A Tree Can Be...
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June 24, 2015
by Rose McCabe
June 24, 2015
by Rose McCabe
Students will be able to name the main parts of a tree and identify different ways in which trees benefit other living things.
Introduction (20 minutes)
- Read A Tree Can Be... by Judy Nayer aloud to the class.
- Discuss the benefits of trees with the class. Mention how they house animals and provide food and shade.
- Go over the different parts of a tree: roots, trunk, branches, and leaves.
- Ask students questions about trees and their parts. For example: What is your favorite part of a tree and why?
- Distribute copies of the Test Your Tree Knowledge worksheet and have students complete it.
Explicit Instruction/Teacher Modeling (50 minutes)
- To pique their interest, tell students they'll be visiting a hotel that used to be a tree.
- Hold up the image of a hotel. Explain that a hotel is a place that provides housing for people, and ask students to share any hotel-related experiences they've had.
- Read Log Hotel by Anne Schreiber aloud to the class.
- During the story, introduce the words 'decay' and 'fungi' by showing the images for each.
- Explain that the log hotel in the story is an old tree that fell over, decayed (spoiled), and became a hotel for insects, plants, and fungi, or moldy bacteria.
- Show the class the rotting banana. Explain that the banana is decaying, just like the tree in the story.
- Hold the fresh banana next to the rotting banana, and ask students to compare the two. Some guiding questions you can ask are: Do they look the same? Do they feel the same? Which would you rather eat?
- Distribute a magnifying glass to each student, then begin the class trip into the forest.
- Explain to students that a forest is an area with lots of trees and other greenery.
- Select a tree to examine with the students. Have them touch its trunk, and ask them how it feels. Point out the parts of the tree that you went over prior to the trip.
- Find a log hotel. Point out aspects it shares with the log hotel in the story, like moss and fungi.
- Pull off a piece of the log. Have students inspect it using their magnifying glasses, and ask them to look for insects that have "checked in" to the hotel.
- Collect some parts of the decaying log in a plastic bag or cardboard box, and bring them back to the classroom for further examination.
Guided Practice/Interactive Modeling (10 minutes)
- Once you've returned to the classroom, bring students together for a sing-along.
- Sing the following song to the tune of You Are My Sunshine:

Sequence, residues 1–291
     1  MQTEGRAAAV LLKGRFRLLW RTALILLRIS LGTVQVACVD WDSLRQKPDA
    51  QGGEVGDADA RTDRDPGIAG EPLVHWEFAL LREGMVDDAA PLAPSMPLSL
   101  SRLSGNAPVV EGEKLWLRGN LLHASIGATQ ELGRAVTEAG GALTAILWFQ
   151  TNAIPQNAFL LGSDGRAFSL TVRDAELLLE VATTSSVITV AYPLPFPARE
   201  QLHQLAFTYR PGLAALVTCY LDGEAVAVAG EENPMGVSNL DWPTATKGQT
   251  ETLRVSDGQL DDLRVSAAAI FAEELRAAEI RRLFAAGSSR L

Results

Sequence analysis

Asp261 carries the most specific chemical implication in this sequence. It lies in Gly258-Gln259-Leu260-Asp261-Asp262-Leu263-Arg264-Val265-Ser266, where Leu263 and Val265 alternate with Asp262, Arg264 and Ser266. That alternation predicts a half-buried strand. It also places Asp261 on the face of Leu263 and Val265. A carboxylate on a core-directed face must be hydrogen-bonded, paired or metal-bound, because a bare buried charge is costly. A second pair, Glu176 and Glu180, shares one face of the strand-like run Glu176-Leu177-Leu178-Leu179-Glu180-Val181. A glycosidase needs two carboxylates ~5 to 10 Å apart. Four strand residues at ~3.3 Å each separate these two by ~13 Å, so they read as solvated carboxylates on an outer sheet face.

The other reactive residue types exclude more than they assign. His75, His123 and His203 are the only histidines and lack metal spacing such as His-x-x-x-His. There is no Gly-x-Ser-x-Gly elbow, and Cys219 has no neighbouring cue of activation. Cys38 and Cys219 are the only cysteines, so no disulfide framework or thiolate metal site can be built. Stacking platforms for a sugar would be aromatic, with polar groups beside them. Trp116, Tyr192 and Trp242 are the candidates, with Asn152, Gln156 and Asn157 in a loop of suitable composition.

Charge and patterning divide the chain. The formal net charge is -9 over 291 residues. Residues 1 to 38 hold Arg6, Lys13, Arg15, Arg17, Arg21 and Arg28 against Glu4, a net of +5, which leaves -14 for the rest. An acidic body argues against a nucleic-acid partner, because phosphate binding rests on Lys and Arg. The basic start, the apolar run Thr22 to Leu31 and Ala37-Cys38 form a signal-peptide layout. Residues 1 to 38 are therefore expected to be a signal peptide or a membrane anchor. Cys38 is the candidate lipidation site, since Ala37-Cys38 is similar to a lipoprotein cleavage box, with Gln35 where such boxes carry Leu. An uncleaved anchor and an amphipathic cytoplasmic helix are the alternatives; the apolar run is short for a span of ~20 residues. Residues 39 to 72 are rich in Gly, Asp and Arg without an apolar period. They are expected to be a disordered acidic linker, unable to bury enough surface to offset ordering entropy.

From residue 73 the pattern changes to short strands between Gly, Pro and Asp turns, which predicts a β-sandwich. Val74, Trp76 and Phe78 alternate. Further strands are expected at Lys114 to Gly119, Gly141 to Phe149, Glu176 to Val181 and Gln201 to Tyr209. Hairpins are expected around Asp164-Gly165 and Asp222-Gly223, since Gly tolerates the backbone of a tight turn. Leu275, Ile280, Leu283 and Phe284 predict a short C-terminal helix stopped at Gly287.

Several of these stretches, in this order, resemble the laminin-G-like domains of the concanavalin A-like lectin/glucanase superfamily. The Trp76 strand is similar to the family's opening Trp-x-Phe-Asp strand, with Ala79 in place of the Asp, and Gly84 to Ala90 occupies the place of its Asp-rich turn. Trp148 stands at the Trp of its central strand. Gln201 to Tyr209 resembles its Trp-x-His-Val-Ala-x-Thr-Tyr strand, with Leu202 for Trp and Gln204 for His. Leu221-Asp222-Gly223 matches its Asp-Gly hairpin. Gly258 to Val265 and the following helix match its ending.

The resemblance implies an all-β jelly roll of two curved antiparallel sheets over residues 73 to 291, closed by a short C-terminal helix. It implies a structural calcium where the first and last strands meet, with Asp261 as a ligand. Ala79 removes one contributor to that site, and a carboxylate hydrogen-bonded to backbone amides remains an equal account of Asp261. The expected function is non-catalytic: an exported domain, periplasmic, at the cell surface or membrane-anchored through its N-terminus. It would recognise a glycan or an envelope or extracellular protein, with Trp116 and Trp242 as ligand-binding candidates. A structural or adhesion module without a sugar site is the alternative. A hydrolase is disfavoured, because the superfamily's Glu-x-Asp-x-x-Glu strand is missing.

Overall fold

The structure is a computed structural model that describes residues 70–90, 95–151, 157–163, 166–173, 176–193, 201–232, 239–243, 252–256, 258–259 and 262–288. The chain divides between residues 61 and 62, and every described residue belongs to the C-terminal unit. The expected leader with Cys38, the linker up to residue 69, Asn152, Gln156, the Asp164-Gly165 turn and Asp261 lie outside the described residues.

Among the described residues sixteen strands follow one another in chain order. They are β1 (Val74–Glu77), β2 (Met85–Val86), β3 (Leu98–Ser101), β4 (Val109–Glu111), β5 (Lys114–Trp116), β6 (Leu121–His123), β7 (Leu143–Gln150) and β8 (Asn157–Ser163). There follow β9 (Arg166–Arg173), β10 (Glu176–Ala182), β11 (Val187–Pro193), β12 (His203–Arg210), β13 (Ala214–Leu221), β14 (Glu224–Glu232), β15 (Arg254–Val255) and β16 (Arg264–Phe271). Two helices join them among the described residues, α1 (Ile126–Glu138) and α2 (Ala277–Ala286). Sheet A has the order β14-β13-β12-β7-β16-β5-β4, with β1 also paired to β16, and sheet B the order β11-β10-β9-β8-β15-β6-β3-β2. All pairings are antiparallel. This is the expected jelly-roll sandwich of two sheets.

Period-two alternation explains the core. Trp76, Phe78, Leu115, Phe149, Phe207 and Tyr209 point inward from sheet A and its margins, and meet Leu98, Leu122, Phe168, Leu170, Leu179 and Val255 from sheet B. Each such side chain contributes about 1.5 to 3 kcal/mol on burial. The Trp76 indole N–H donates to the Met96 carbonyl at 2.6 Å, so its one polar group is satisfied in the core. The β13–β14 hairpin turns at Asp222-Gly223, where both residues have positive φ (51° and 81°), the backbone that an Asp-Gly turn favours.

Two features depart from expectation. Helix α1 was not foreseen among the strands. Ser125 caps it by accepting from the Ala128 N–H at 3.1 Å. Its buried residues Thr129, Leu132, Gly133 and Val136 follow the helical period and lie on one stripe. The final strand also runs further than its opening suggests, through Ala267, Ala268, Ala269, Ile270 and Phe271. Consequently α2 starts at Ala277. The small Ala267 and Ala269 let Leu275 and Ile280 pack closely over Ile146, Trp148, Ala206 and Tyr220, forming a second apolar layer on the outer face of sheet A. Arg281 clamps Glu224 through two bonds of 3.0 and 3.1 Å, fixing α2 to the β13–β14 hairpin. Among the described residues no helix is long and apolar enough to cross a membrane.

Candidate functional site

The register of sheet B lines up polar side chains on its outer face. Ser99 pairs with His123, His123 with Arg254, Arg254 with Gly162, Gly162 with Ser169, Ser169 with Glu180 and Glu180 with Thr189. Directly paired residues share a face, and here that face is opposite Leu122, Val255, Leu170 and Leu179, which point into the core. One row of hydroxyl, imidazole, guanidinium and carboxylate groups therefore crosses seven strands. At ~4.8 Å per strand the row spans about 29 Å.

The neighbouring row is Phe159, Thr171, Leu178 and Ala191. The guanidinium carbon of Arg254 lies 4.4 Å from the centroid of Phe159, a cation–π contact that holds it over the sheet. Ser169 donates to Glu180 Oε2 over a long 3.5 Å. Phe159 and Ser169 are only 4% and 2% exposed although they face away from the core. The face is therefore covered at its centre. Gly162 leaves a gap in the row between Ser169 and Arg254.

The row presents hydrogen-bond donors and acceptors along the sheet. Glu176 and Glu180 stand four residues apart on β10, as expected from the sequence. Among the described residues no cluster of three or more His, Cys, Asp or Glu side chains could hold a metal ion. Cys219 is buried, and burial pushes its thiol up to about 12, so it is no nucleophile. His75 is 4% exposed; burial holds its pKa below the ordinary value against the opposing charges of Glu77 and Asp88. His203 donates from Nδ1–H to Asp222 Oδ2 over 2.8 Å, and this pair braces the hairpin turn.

You are my own tree, my only own tree, You make me happy, with all your leaves. You’ll never know, tree, how much I love to Jump in fallen leaves when I please.
- Sing the following song to the tune of "Teddy Bear, Teddy Bear":
I love trees. I love trees. They grow apples. I love trees. I love trees. They give me paper. I love trees. I love trees. They give me shade. I love trees. I love trees. They help animals.
Independent Working Time (20 minutes)
- Distribute crayons and sheets of paper to the class.
- Ask students to illustrate something they've learned about. For example, they can draw parts of a tree, or a log hotel.
- As they work, ask each student to describe his illustration. Record their descriptions on your own sheet of paper.
- Allow students to use their magnifying glasses to further examine the decaying log parts on their own.
- Enrichment: Students in need of a greater challenge can be assigned the Amazing Tree Maze or Science of the Seasons worksheet.
- Support: Struggling students can be given simpler prompts for the drawing activity. For example, a student who has trouble drawing a log hotel can be asked to draw moss and fungi instead.
Assessment (10 minutes)
- To assess students' comprehension over the course of the lesson, pay close attention to their responses to your questions.
- Use your class list to record comments about the illustrations that students choose to make.
Review and Closing (15 minutes)
- Ask students to share what they liked most about the lesson.
- Discuss the pictures that they drew. Some great questions to ask during the discussion are: Why did you choose to draw this? Did looking through your magnifying glass help you find more things to draw?
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